I hope you had a wonderful Christmas. Not every Christmas is "perfect" and in fact it is sometimes the imperfections which are most memorable and meaningful. It some ways we had an unusual Christmas, but here are some excerpts and learnings from our Christmas this year.
- A funny moment: our grandson Austin has been learning the names of the characters in the Christmas story. He knows baby Jesus, of course, and he is learning about Mary and Joseph. On Christmas Eve their family attended a UM church in the Louisville area where they live, and my daughter reports that Austin quickly noticed the manger scene depicted on the front of the worship bulletin. While talking about each character, Austin noted that Joseph was holding a staff or walking stick, and he said in a loud voice for all their surrounding worshipers to hear and laugh: Joseph plays golf! It should be noted that Austin's father Adrian is a golfer and Austin plays with his own little plastic golf clubs, so of course it looked like Joseph was holding a golf club. I suspect every worshiper (and now you who are reading this) will look at the manger scene more carefully each time to see if Joseph has a 5 iron.
- A touching moment: on Christmas Day, Marsha and I joined my sister Bonnie and her husband, Dave, in visiting Dad in the dementia center where he now lives. Christmas in a dementia center is unusual, but I was touched as always by the kindness of the staff who work there. It is not an easy job, but they do it with great patience and they treat each resident with respect and care. As I watched those staff at work, I found myself thinking about all the people who work on Christmas in hospitals, nursing homes, emergency services, and public servants like police, fire, ambulance teams, and snowplow drivers. I was touched deeply to think how those persons serve - even on Christmas Day - in order to make life possible for the rest of us.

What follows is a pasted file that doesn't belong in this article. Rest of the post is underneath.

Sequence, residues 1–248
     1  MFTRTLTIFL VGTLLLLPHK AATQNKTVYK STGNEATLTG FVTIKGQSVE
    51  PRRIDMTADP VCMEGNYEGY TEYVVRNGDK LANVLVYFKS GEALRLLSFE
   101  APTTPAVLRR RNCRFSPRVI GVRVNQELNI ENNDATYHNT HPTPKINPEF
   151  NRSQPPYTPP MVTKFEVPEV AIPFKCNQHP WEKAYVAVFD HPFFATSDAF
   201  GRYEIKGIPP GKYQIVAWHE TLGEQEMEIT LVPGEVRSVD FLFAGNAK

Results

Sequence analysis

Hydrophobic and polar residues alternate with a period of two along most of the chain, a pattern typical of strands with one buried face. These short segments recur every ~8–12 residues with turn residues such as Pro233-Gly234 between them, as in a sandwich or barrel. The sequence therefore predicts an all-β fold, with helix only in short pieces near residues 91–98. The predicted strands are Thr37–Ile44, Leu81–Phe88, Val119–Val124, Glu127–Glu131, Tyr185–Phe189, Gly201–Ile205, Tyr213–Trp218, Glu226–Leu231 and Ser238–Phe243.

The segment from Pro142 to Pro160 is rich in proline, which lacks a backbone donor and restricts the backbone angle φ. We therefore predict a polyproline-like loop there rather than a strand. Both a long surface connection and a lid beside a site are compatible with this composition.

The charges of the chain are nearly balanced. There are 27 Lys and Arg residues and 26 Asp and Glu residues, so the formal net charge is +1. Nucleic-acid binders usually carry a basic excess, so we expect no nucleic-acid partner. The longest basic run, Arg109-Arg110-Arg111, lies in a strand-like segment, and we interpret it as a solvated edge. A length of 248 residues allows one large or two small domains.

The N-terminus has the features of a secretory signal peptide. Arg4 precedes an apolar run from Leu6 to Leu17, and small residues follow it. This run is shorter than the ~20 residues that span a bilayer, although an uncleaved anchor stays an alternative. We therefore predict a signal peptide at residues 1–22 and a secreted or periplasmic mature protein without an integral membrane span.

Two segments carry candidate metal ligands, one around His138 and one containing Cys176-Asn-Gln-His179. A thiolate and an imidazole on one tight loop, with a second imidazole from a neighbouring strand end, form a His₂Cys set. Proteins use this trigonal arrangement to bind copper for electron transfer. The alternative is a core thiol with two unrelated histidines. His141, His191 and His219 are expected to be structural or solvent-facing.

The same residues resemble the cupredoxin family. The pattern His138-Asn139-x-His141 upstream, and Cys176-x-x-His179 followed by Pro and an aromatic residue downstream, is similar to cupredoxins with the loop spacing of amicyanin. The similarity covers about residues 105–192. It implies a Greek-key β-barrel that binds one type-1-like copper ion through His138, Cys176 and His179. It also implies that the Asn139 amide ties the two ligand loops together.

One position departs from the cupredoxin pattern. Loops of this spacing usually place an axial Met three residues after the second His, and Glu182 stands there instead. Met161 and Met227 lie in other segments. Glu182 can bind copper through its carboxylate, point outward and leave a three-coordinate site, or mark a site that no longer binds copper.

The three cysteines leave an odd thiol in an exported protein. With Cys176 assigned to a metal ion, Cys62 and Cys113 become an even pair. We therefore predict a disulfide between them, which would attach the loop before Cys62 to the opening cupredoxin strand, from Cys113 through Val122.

- A moment of generosity: on the 26th as the blizzard was blowing hard in Indianapolis, Bert Kite and David V.W. Owen showed up at our house to give me an appropriate but generous gift of a new snow blower. They had remembered my comment some days ago that I don't own a snow blower anymore, and they rushed out in the blizzard to purchase and deliver one to our home! Good friends and colleagues like that are quite a gift, and of course these days have given me plenty of practice using their gift.
- A delayed Christmas: due to extended family schedules and weather issues, we actually did not celebrate Christmas with our kids and grandkids until December 28th. What did we learn? Christmas on any day is a joy and a blessing, and spreading out Christmas over several days just makes it better. In the past we have rushed around to see family in a 36 hour period of Christmas Eve and Christmas Day – and now I realize that a delayed or expanded Christmas can be its own blessing.
- Christmas in the midst of tragedy: Christmas 2012 was celebrated in the midst of too many tragedies. The shootings in Connecticut, the murder of firefighters in New York, the violence against Christians in their churches in Nigeria, and the on-going wars and conflicts in the Middle East all form a dramatic backdrop for hearing the Good News: Peace on earth. I join with all of you and all people of good will in praying that the message of peace, joy, salvation, and hope will triumph – even when we have an unusual Christmas like this year.